Monday, December 5, 2016
By Jim Salzman
Politicians love to talk about the glossy world of “Win-Win Scenarios.” Battling climate change will also grow the renewables sector and create thousands of green jobs. Catch shares programs will increase the fishing community’s incomes and also conserve fisheries. Energy conservation saves fuel bills and drives efficiency improvements. Famed Harvard Business School professor, Michael Porter, has even hypothesized that countries with stricter environmental regulations are more competitive in the global marketplace.
To be sure, there are plenty of examples of win-win scenarios in the environmental field, but it’s wishful thinking to assume that many, much less most, environmental conflicts can be solved with all parties better off. It is often that case that one or more parties feel trapped in a zero-sum game. Farmers in the Klamath Valley see their irrigation water allocation reduced because the endangered salmon need more. Fish win. Farmers lose. In the 1990s spotted owl saga in the Pacific Northwest, logging companies lost access to old growth redwood stands that were deemed to be critical habitat for the endangered owl. Owls win. Loggers lose. One could easily provide similar examples in the pollution context.
Most environmental policies have winners and losers. One might argue that these policies benefit society overall, but it sure doesn’t feel like a benefit to the local resource-dependent communities. These are decisions with diffuse winners and locally concentrated losers. To them, they are trapped in a zero-sum conflict where they need to stand their ground against opposing interests who would have them reduce their emissions, water usage, or timber harvest. "Either I win and continue the status quo, or they win and I have to pay, or perhaps even go out of business."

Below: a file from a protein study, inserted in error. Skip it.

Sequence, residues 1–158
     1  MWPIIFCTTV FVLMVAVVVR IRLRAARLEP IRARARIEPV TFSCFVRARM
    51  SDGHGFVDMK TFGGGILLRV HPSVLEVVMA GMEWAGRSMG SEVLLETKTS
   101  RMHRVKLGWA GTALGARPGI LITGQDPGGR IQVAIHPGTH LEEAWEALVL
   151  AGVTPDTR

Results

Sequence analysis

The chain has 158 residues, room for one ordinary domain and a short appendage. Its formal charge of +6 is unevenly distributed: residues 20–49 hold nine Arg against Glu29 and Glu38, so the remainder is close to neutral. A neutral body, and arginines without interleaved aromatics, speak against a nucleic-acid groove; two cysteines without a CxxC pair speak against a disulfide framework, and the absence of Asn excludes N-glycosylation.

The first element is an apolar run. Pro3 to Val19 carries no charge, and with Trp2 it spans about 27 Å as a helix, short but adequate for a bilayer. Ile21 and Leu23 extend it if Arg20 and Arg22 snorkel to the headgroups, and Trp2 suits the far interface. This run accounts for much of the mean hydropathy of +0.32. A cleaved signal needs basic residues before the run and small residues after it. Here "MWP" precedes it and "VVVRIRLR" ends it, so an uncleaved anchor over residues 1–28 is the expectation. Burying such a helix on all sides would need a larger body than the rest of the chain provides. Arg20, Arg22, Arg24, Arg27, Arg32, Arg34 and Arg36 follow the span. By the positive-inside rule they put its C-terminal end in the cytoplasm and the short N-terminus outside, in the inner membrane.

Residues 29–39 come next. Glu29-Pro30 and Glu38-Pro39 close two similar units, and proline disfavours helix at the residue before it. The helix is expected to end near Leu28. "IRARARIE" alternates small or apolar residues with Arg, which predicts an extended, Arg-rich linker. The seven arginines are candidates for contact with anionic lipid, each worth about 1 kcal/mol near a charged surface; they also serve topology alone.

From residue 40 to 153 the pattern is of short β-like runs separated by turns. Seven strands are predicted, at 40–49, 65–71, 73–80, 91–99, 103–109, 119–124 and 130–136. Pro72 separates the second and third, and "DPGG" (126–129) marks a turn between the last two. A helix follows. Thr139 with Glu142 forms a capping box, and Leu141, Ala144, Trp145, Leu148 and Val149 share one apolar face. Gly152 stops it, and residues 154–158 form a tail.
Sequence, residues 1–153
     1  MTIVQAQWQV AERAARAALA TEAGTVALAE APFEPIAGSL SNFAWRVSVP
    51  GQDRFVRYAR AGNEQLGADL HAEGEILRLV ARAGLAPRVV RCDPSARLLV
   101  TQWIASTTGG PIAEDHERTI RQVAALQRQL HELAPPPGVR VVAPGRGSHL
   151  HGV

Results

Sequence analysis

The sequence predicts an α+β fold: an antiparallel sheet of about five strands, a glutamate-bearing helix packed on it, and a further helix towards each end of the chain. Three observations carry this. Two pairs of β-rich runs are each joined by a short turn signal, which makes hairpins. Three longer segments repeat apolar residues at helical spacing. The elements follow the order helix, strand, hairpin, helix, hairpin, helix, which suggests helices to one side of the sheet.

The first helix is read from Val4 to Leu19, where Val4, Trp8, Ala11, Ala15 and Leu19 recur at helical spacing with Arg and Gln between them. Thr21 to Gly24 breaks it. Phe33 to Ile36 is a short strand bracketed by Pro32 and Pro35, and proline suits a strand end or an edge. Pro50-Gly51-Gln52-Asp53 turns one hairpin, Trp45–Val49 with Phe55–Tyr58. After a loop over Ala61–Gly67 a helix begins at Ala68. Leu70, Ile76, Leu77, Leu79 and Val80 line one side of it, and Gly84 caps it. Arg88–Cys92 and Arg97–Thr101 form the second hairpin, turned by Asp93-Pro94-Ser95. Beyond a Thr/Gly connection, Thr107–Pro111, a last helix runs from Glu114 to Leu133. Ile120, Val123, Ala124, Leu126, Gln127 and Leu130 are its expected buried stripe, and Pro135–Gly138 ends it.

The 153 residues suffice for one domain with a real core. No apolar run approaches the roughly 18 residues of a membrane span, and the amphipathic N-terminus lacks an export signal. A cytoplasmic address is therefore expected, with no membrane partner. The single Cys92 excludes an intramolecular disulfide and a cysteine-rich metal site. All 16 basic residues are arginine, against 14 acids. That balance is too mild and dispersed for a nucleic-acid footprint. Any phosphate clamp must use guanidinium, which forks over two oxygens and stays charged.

Given the ubiquity of such zero-sum framing, it shouldn’t be surprising that environmental law has developed a range of strategies to address them. They fall under three basic categories: screw them, grow the pie, or regulatory steam valves.
- The first category, Screw Them, recognizes the zero-sum game for what it is and lets the consequences flow. Put another way, there are some activities or actors that should lose out. This is a normative position, of course, that favors certain results over others. Companies that discharge dangerous toxics into a local stream should be forced to stop, even if it does hurt their bottom line. In the zero-sum conflict of continuing polluting versus safe waters, safe waters should win. This may seem a satisfying strategy, but keep in mind that the measure of “unacceptable” behaviors varies according to the observer. Conservation interests may well view overgrazing on public lands as a travesty that has gone on for far too long. Ranching interests take the opposite view. Which will win out in a zero-sum conflict of grazing versus range conservation? That depends on which administration is running BLM. A strategy that assumes the losers in zero-sum conflicts deserve to lose looks great if your team is in power. It can seem punitive or worse if you are on the losing side. No wonder, then, that this strategy leads to protracted litigation, overblown rhetoric, and, in the extreme, armed standoffs such as the one that occurred at the Malheur Wildlife Refuge.